Next, consider international users. The local admin group is called Administrators in English version of Windows, but in other language versions the name is localized. In Russian version of Windows the group is called Администраторы, in Cyrillic. If you have both Russian and English systems in your domain, you can simply add both names to the "This group is a member of" list:

This will work, but has its own problems. Whenever Group Policy applies, it will find either Russian or English version of the Administrators name, depending on the system language. The other name will not be found, and a warning like the following will be logged to the Application system log.

Event Type: Warning
Event Source: SceCli
Event Category: None
Event ID: 1202
Date:  9/4/2008
Time:  1:41:37 AM
User:  N/A
Security policies were propagated with warning. 0x534 : No mapping between account names and security IDs was done.

Advanced help for this problem is available on Query for "troubleshooting 1202 events".

Error 0x534 occurs when a user account in one or more Group Policy objects (GPOs) could not be resolved to a SID.  This error is possibly caused by a mistyped or deleted user account referenced in either the User Rights or Restricted Groups branch of a GPO.
[very detailed explanation follows]

That might be not a big deal on a workstation, but on domain controllers the Group Policy applies every 5 minutes, and the Application log will be flooded with these warnings, making it harder to spot more serious warnings, if they occur.

What can we do? Well, this policy doesn't need to apply to domain controllers, they don't even have local groups! So, you can do the following:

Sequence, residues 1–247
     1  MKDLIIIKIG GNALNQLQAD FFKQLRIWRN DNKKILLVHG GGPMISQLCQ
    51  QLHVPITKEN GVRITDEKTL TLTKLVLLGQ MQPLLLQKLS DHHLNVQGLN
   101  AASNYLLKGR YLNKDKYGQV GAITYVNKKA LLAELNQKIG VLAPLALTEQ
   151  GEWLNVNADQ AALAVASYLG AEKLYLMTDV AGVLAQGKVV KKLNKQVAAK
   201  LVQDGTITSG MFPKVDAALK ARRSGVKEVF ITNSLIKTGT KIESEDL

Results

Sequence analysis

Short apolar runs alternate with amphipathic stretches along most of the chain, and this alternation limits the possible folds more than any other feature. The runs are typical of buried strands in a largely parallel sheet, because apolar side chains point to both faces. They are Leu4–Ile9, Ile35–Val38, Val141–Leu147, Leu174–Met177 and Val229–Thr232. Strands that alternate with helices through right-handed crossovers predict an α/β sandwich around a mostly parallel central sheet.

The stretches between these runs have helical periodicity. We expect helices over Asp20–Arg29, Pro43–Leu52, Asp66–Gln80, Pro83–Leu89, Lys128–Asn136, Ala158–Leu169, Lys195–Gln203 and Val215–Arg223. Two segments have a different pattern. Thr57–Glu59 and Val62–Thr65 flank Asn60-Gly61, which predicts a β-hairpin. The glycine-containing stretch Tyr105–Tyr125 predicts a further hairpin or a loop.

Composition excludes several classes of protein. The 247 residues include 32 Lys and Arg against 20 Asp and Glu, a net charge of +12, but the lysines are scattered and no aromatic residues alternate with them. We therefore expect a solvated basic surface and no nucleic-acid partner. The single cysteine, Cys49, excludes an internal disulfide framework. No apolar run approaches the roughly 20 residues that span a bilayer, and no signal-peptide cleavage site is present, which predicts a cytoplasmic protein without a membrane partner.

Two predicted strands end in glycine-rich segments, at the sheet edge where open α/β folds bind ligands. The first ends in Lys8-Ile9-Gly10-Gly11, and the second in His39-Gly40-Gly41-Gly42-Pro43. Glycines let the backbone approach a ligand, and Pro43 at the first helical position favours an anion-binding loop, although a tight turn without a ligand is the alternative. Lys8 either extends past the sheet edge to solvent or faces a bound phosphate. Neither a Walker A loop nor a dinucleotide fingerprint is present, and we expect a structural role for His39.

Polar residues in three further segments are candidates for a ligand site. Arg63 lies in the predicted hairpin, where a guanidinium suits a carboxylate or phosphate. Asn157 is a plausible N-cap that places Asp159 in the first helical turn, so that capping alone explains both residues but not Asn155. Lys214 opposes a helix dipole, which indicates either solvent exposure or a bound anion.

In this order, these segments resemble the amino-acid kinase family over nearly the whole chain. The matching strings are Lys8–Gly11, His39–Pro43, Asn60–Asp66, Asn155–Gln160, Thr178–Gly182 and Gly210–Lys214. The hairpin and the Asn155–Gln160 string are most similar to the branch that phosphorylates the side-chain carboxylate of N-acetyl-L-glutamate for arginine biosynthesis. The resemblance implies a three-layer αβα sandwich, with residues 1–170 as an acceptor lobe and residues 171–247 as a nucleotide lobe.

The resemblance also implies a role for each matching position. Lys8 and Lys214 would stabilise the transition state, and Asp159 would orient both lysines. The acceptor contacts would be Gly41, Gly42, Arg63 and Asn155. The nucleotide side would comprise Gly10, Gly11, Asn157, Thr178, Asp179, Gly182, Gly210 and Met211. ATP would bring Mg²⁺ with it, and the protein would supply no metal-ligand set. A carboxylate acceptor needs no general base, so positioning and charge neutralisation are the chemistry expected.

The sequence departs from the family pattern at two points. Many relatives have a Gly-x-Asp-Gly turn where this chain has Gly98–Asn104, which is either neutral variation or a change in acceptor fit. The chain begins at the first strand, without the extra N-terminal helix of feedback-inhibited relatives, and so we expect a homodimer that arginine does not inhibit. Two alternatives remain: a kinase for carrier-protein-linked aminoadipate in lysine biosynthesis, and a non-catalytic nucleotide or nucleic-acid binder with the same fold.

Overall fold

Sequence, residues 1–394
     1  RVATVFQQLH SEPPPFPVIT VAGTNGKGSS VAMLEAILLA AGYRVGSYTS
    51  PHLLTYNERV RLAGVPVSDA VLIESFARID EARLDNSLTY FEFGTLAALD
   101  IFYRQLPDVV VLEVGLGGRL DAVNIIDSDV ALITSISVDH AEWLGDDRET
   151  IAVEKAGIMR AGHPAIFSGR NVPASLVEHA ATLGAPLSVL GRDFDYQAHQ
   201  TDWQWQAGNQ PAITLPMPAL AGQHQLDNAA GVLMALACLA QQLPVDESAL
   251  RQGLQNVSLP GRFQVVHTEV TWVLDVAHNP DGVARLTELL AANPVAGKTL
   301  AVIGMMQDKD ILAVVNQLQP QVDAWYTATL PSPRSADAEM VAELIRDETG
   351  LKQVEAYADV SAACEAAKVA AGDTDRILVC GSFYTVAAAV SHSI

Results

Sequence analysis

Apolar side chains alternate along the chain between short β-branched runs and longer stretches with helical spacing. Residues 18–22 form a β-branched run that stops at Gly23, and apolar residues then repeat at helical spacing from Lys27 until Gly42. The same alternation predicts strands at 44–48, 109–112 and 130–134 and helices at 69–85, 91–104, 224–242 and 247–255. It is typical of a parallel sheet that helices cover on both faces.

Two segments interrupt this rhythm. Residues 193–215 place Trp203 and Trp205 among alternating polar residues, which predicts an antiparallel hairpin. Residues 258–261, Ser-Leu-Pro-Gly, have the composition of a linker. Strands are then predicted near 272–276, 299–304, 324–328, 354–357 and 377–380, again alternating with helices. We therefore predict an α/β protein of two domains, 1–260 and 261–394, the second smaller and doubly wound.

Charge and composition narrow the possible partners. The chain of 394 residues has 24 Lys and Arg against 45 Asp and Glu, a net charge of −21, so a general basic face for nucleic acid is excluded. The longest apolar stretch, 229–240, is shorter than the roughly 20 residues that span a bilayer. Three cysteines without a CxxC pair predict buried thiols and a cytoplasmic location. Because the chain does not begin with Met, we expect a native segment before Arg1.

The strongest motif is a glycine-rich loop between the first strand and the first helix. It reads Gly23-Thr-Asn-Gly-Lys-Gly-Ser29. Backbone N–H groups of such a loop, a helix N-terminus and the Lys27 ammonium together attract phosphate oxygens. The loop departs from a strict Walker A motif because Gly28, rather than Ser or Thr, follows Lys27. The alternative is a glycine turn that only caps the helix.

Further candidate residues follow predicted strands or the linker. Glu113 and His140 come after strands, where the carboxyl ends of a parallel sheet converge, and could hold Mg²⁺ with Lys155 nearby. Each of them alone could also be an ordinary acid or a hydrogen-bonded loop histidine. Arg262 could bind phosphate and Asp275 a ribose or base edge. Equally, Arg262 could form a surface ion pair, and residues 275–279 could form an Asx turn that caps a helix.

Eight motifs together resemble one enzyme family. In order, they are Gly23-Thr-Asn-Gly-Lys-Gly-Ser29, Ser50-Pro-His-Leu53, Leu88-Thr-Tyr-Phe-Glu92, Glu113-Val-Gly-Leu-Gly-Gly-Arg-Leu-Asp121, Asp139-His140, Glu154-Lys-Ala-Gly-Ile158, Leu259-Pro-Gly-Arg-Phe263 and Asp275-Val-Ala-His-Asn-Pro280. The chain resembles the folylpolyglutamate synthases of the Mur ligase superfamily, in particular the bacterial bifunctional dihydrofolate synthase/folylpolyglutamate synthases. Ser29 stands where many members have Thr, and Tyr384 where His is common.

1. create a new GPO;
  2. make the Restricted Groups configuration there and not in Default Group Policy;
  3. make the GPO apply to Domain Computers group only (which does not include domain controllers). For this add Domain Computers group in the "Security Filtering" section of Group Policy Management Console for this GPO and remove any other groups that were there, like this:

That gets rid of the flood of warning on domain controllers. An occasional warning in member servers' and workstations' logs can be tolerated, but if not, you have a way to get rid of them. For that you will need to create two separate GPOs and make them apply to either English or Russian systems with WMI Filters.

Using WMI Filters

So, back in Group Policy Management Console, create a new GPO. Let's call it "Russian language-specific policy". Make it apply to Domain Computers as described above. Now, under WMI Filters, in the Group Policy Management Console's left-hand tree, select "New" from the context menu to create a new filter with the following condition:

select * from Win32_OperatingSystem where OSLanguage = 1049

Your "New WMI Filter" dialog will look as follows:

Make the filter apply to the GPO by selecting the filter from the drop down list in the "WMI Filtering" section of Group Policy Management Console:

Voila, you have a GPO that applies only to domain computer with Russian version of Windows. Now you can configure Restricted Groups in it using the Russian name "Администраторы".

Repeat the same steps to configure "English language-specific policies" with a similar WMI Filter:

select * from Win32_OperatingSystem where OSLanguage = 1033

Now you can configure Restricted Groups in it using the English name "Administrators".

Somewhat complicated, but now you have different policies that apply to different language versions of Windows. Was it worth it? In this case probably not, but it's an interesting exercise and the technique may help you in other situations.